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Agylleus is a son of Herakles son by an unknown consort.  In size Agylleus is as big as his father but he lacks Herakles' close-knit strength of body, he is loose-limbed and unsteady with soft of muscle.  Despite this, Agylleus along with Aktor and several companions did successfully attack Argos.

Parents

Herakles & Unknown Consort

Ancient Text

Thus had he been wont to spend the leisure intervals of fighting and relax his martial ire, and with mighty heroes on the banks of Achelous did he strive, heaven-taught, in many a victorious bout. Therefore, when keen ambition called the youths to wrestle, the Aetolian puts off the terrible covering of native boar-hide from his shoulders. Against him Agylleus, who boasts of Cleonaean stock, raises his tall limbs, no less in bulk than Hercules, so loftily he towers with huge shoulders and monstrously surpasses human measure. But he lacks his father's close-knit strength of body; loose-limbed and overgrown is he, unsteady and soft of muscle; hence is Oenides boldly confident to overthrow so mighty an antagonist.
- Statius, Thebaid, 6. 837

Beside the rest the seer takes with him Agylleus, son of Hercules, and Actor: persuasive of speech is Actor, the other boasts strength equal to his sire's; with each go ten companions, a troop that even in open fight the Aonians would fear. He himself, since he goes to unwonted battle and ruse of war, lays down the sacred leaves, the emblems of Phoebus, and entrusts the glory of his brow to the bosom of the aged prince, and dons helm and corslet, the welcome gift of Polynides. Fierce Capaneus fastens his heavy sword on Actor, not deigning himself to go by stealth against the foe, or to follow where heaven leads. Agylleus borrows the arms of truculent Nomius; for what would the bow and shafts of Hercules have availed him, battling amid deceiving shades?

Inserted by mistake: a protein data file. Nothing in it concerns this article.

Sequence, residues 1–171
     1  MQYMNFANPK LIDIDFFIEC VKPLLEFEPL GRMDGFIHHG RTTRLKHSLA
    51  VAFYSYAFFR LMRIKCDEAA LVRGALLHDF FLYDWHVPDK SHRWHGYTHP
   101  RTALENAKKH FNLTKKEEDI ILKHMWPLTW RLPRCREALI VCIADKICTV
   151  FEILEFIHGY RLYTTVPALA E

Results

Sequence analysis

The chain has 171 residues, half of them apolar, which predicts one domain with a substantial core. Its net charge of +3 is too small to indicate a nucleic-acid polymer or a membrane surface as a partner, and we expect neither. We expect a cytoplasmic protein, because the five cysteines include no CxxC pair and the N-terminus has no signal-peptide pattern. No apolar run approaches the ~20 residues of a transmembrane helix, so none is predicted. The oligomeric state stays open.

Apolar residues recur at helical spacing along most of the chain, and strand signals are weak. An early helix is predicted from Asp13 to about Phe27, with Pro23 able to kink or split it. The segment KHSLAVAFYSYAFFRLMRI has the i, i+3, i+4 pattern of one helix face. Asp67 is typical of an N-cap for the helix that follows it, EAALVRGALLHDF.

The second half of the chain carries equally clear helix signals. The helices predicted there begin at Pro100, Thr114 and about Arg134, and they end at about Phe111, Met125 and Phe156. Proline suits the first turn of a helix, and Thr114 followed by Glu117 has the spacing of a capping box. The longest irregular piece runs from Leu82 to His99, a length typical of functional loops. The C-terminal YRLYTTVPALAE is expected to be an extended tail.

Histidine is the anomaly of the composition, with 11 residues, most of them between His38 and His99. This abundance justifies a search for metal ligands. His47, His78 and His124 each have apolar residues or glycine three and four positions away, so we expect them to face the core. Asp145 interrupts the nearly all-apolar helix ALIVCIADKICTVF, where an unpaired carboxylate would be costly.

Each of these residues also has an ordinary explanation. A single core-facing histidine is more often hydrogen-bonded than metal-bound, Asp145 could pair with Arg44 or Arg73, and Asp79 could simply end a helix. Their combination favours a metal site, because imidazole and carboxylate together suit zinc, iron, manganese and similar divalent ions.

- Statius, Thebaid, 10. 249

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